How I Planned My Wedding: Design & Inspiration, Part 2
A Wedding Planner's Personal Journey
In last week's post, I wrote about how I decided to center our wedding's design around elements that reflected me and my husband. This week, I'll be going into detail about how the elements of my inspiration were incorporated into my invitation suite, ceremony decor, sweetheart table, place setting, and tablescape design.
After looking through pre-designed invitation suites on sites such as Minted and PaperlessPost without finding anything I liked, and not wanting to splurge on a custom-designed suite, I ended up designing my own. Creative Market was a great resource where I found the watercolor eucalyptus leaves as well as the font used in my invitation suite, which I then printed using Basic Invite. I kept our invitation suite very clean and simple, choosing to add interest through the textures of the paper twine, vellum, and custom wax seal from Back to Zero Co.
s t y l i n g t i p s
Styling my own paper goods and details was important to me because I wanted to have my personal touch come through in our wedding photos. Plus, I couldn't imagine not doing any styling at my own wedding! I had so much fun working together with my photographer, Meiwen, as we styled flat-lays with silks and blooms.
When styling paper goods, I like starting with the largest piece first, which is generally the invitation card, and then arranging the other pieces of the suite around the focal point. The eye tends to travel from the upper left corner of an image to the bottom right, so I placed my invitation cards (both packaged & just the card) in the corners. To add texture and achieve a cohesive look, I incorporated elements from the rest of the wedding: a hellebore & ranunculus used in my bridal bouquet, my husband's boutonniere, a bit of silk ribbon to create movement, and my rings to add a personal touch.
While I wanted to keep our ceremony decor simple, I still wanted to add a floral element that echoed the natural and effortless feeling of the English countryside. The beautiful oak tree we were planning to get married in front of was slightly off-centered with the lawn (as seen in the second photo), so my florist Sammy from Lambert Floral Studio suggested enclosing me and my husband in a floral installation to add a central focal point in our ceremony space. I loved the way the floral installation created an "altar", looking as if it had effortlessly sprung from the grass itself instead of being placed as a temporary fixture. We were also able to use the floral installation for our first look (as seen in the third photo), and it even lasted through our reception - long enough for us to take sunset photos in front of it!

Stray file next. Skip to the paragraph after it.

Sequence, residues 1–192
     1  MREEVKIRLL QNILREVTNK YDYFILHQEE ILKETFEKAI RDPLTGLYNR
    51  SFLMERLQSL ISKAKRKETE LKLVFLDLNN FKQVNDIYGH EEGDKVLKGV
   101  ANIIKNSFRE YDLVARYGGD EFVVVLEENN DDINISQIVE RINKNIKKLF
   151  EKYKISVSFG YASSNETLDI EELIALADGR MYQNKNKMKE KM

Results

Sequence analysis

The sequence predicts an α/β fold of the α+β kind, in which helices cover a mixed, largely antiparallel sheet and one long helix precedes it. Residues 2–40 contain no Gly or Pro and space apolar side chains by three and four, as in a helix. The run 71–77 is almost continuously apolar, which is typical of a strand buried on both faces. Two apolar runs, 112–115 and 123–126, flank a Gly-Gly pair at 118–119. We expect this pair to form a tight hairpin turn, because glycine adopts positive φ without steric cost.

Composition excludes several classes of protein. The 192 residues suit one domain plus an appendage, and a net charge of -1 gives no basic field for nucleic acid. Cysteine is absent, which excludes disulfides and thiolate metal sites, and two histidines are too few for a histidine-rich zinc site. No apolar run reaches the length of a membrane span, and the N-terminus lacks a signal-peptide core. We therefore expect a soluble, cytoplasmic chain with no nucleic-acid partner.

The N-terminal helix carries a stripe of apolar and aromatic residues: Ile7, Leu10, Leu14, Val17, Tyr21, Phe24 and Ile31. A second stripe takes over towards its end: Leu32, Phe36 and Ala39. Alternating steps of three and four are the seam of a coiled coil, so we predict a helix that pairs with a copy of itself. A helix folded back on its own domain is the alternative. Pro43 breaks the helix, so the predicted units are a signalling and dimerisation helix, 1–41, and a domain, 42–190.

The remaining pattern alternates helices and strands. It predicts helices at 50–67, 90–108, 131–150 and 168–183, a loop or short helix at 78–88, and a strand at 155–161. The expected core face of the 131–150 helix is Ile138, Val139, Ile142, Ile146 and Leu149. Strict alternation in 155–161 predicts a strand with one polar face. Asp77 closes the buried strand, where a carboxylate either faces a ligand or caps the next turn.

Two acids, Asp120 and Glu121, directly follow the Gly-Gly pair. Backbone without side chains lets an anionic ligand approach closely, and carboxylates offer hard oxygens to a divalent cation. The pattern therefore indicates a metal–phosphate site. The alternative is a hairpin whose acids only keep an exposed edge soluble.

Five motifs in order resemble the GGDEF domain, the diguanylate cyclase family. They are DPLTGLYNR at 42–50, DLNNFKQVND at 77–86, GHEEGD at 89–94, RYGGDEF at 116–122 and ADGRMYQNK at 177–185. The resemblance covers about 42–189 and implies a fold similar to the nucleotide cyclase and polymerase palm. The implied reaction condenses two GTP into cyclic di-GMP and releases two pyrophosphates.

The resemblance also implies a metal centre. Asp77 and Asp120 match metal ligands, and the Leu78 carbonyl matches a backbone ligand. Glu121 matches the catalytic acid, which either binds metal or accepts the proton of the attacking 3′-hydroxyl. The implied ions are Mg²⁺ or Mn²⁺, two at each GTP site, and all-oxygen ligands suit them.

Wooden slatted chairs were chosen to add to the feeling of sitting in a garden on a relaxing afternoon. I love their cute charm!
As the party continued indoors for our reception, we wanted to bring the garden indoors as well. Sammy constructed this hanging floral installation for us that hung behind our sweetheart table, placed to look like it was growing from the wall. We dined surrounded by our closest friends and family, underneath overhanging flowers.
We also pushed our sweetheart table to the side and grabbed some portraits in front of it! I love the way the floral piece instantly breathed freshness and life into a blank, industrial space.
If it had rained on our wedding day (instead, it was over 80 degrees!), our rain plan was to have our ceremony indoors, with the floral installation as our backdrop. Gotta love a versatile piece!
We kept our place settings minimal, letting the simplicity and beauty of each piece shine - highlighting texture rather than a complex color palette. The plates I found from Encore Events Rentals had a slightly asymmetrical shape and a rounded rim, which added a modern and elegant touch. Gold-plated flatware in a clean shape added a bit of glam, and we chose to have the napkin placed under the plate and hanging off the table to avoid too many items crowding on top of the plate.
For our paper goods, I sourced cotton handmade paper from Fabulous Fancy Pants on Etsy to create place cards, which were tucked under our dinner forks, and menu cards with minimal typography, which were placed on each plate. Delicate florals added a fresh touch, completing our minimal place settings.
My husband and I wanted our reception to feel like an intimate gathering of friends and family around the dinner table, so it was important to us that the textures and qualities of our tablescape design be comforting and cozy. We placed banquet tables end to end and chose to have dinner served family style, which meant we had limited table space for decorations. To keep our tables from looking merely empty, I aimed for an intentionally minimal tablescape design. Larger floral centerpieces were placed at the junctions of tables, with smaller "satellite" arrangements spaced in between.
Pale blue tablecloths with a linen texture were chosen from La Tavola to add organic texture. Soft candlelight from beautiful, glassblown votives rented from glassybaby added warm light to our reception space, completing our cozy dinner party.
Next week's post will be all about wedding dresses: how I found mine, and how a few of my brides found theirs!